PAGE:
3.3.5 Sampling Analysis and Collection Plan
As part of the statewide NPDES storm water permit, private consultants prepared a sampling collection and analysis plan. This manual was submitted to the regulatory community for review on April 4, 1997. Prior to submission to the regulatory community, the manual was peer reviewed by professors at California State University at Sacramento, Caltrans staff, and external private consultants.
The manual is designed and organized to provide a comprehensive, step-by-step description of the processes used to plan a successful water quality monitoring program, including a thorough QA/QC data evaluation, specific to runoff from transportation-related facilities. It is essential that monitoring data are collected so as to ensure that the data are accurate, precise, and scientifically defensible. It is also important for monitoring programs to be conducted in a consistent manner, to provide for data comparability throughout the Districts. This will then ensure that regional differences, if any, can be accurately addressed, and that the data can be utilized in a statewide database.
The focus of this guidance manual is on monitoring protocols that are used to plan and implement sampling and analysis for chemical and physical constituents, as part of a water quality monitoring program. The emphasis throughout the manual is on storm water monitoring that will provide data to support the planning functions of the SWMP. Water quality constituents that may be present in highway runoff generally have been identified by previous monitoring efforts. Therefore, the statewide program takes a slightly different approach to monitoring and instead of just monitoring for what is present, Caltrans will be:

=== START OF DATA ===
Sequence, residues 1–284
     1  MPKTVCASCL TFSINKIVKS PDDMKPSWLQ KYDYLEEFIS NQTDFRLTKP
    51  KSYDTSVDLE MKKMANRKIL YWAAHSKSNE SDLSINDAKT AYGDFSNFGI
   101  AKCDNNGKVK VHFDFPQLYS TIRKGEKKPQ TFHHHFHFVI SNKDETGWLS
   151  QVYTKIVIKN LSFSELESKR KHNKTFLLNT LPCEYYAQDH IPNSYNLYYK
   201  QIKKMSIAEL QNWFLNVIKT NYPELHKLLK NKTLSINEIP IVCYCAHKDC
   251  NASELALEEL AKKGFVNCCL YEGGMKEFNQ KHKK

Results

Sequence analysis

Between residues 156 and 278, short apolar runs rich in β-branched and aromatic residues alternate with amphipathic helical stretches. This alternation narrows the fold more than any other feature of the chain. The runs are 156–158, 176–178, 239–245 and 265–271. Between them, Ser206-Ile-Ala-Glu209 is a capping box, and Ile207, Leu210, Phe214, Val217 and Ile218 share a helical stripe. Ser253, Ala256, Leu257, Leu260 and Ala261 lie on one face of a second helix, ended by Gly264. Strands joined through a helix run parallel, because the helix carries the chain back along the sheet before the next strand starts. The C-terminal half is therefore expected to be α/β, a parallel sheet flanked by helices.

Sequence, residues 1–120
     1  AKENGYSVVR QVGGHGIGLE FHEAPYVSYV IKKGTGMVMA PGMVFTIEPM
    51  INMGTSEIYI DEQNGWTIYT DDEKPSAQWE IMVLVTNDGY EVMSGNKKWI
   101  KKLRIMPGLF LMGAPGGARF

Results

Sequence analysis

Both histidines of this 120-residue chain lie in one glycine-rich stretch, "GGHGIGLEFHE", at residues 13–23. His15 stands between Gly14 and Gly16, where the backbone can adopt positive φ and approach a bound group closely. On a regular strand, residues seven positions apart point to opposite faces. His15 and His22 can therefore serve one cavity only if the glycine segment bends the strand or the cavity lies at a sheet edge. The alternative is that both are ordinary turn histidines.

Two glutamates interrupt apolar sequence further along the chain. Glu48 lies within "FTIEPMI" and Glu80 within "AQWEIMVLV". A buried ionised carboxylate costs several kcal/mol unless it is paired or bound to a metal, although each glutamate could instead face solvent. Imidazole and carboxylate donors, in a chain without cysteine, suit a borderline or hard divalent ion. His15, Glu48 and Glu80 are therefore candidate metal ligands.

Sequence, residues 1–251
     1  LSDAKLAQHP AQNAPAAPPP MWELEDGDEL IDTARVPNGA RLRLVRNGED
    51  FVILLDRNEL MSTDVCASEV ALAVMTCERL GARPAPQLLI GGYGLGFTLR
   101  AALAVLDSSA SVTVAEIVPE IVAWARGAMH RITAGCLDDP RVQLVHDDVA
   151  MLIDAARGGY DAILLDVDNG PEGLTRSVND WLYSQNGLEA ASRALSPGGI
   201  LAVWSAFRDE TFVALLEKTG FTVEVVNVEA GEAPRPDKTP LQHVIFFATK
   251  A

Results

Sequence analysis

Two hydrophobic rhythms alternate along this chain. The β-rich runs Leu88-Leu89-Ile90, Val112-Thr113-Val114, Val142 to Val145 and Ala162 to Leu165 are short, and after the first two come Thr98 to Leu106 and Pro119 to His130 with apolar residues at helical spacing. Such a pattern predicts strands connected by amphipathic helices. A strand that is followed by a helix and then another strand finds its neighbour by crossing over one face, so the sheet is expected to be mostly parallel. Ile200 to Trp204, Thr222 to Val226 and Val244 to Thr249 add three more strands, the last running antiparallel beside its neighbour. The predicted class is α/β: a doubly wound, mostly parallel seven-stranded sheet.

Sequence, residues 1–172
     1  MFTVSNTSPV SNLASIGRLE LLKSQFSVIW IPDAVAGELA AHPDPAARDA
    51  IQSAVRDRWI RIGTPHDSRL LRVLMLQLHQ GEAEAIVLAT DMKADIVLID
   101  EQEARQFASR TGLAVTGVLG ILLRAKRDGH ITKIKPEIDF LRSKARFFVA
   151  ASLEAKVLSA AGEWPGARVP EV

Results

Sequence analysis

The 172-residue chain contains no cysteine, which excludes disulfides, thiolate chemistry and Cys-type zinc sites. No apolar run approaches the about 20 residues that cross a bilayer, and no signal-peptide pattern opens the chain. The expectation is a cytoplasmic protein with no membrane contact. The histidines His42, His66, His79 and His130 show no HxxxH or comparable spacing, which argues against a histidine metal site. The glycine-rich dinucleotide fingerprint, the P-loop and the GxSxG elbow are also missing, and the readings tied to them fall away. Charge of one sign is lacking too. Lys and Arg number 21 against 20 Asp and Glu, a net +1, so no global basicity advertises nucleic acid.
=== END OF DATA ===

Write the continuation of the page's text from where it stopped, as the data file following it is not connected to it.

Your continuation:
Monitoring to discern the specific sources, transport mechanisms, and fate of constituents known to be present in transportation facility runoff, and
Monitoring to determine which control measures are most effective in reducing the discharge of constituents that may have an adverse impact on receiving water quality.
3.3.6 Methyl Tertiary Butyl Ether (MTBE) Monitoring
As part of its proactive stance, Caltrans voluntarily included MTBE in its FY 1996/1997 storm water sampling at three sites in District 7. The purpose of this monitoring is to discover if MTBE is present in rainfall and to what extent, if any, it is impacting storm water runoff. Depending on the results in District 7, MTBE may be included in the sampling of all Districts. Unfortunately, no data were collected during the FY 1996/1997 season due to lack of rain. This program will be continued in the FY 1997/1998 season.
Caltrans has also contributed to Air Board Research needs by addressing analytical issues with laboratory false positives of MTBE in water.
A summary of specific recommendations, made by the risk assessment advisory committee, for the eight categories.
Table 4.1 presents Caltrans Implementation Plan. The reader is referred to the SWMP for time lines regarding storm water monitoring activities. There are no timelines for the Air Quality Research activities or Quantitative Risk Assessments as these projects are conducted on an as needed basis.
Table 4.1 Caltrans Implementation Plan
|Category||Items to Implement|
Continuous education is needed to be certain that expert personnel keep abreast of new developments. With rapid change, one's university education is inadequate to sustain a career without frequent updating. Mechanisms such as two-way temporary staff exchange programs, forums and trainings should be encouraged.
Implement training program outlined in the Statewide Storm Water Management Plan (SWMP), including personnel training, informational exchanges with construction contractors, and public education and participation. Continue to use private consulting firm and university staff in house for their expertise.
Send staff members to workshops, meetings and conferences as well as having internal seminars.